MEDIA RELEASE: NC Justice Center presents “Home to Me," a new series highlighting the lives of North Carolina’s immigrants

The video series will document immigrant individuals and families whose lives are directly impacted by immigration reform and state policy debates

RALEIGH (December 18, 2013) – On December 18, International Migrants Day, a new video series will document and explore how immigrants have become an integral part of communities across North Carolina.

The NC Justice Center will release the first video in the new “Home to Me: Immigrant Stories from NC” series, which will highlight the lives of North Carolina immigrants and their families. The series aims to put a face on North Carolina’s immigrant communities by sharing the stories of individuals and families across the state from a wide variety of backgrounds and experiences.

Through video and other multimedia components, North Carolinians will hear from immigrants in their own words. The series offers an opportunity to explore the challenges some immigrants face in our state, the importance of immigration reform, and how North Carolina has become home to thousands of people from all over the world.

“We’re delighted to launch this new series on International Migrants Day, a day celebrated worldwide, in the words of the UN resolution, ‘to encourage the dissemination of information on the human rights and fundamental freedoms of migrants, the sharing of experience and the design of actions to ensure their protection,’” said Dani Moore, Director of the Immigrant & Refugee Right project. “The stories of our friends and neighbors from across North Carolina offer a glimpse into what life is like for immigrants in our local communities and a call to action for us to become the kind of state we all need and deserve.”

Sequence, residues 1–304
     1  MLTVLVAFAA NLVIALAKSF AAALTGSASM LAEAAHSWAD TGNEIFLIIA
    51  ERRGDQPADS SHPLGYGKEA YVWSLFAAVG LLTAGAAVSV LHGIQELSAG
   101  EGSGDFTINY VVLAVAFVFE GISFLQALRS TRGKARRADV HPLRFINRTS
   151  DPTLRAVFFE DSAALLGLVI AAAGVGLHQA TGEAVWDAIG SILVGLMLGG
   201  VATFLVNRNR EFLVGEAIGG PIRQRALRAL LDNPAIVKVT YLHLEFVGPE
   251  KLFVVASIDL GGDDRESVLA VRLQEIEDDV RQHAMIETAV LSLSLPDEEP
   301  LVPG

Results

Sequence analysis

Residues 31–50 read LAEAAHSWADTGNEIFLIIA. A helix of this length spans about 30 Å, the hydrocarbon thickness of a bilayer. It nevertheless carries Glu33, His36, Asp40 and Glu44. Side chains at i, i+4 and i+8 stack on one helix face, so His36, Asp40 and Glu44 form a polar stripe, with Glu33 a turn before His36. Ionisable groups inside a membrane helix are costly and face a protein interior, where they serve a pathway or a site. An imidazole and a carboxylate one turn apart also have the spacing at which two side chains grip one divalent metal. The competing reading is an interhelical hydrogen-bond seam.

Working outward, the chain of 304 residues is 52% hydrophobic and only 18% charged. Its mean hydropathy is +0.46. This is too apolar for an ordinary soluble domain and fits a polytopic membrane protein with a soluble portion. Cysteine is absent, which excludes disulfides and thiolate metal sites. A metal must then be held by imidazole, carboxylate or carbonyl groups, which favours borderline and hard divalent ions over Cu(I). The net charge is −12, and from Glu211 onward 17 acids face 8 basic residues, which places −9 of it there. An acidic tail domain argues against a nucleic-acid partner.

This month’s video features Valeria Sotelo, a student at Salem College. Born in Mexico, Valeria’s DREAMer documentation allows her to be here legally for two more years but she isn’t sure whether she’ll be able to find work once she’s done with school. Even if the DREAM Act were to pass, Valeria said, her parents – who work hard and pay taxes – would still face challenges to becoming citizens. Valeria wants lawmakers to consider the individuals who have come to call North Carolina their home and have worked tirelessly to achieve their dreams, both for themselves and their families.

“[North Carolina] has been home to me for 16 years,” Valeria said. “It’s all I know.”

Viewers are encouraged to share “Home to Me” stories on social media (using hashtags #HomeToMe and #IAMaMigrant) to demonstrate how immigrants are part of the fabric of our state and to highlight the need for policies that respect the humanity of all of our neighbors. "Home to Me" offers North Carolinians a chance to engage in dialogue about the future of our state and our economy, address questions of global justice and local ties, overcome the “Us versus Them” divisiveness of past immigration debates, and advance public policies that move us forward together.

Watch Valeria’s story here: http://www.youtube.com/watch?v=clfc-qYN7R8

FOR MORE INFORMATION, CONTACT: Dani Moore, dani@ncjustice.org, 919.856.2178; Jeff Shaw, jeff@ncjustice.org, 503.551.3615 (cell).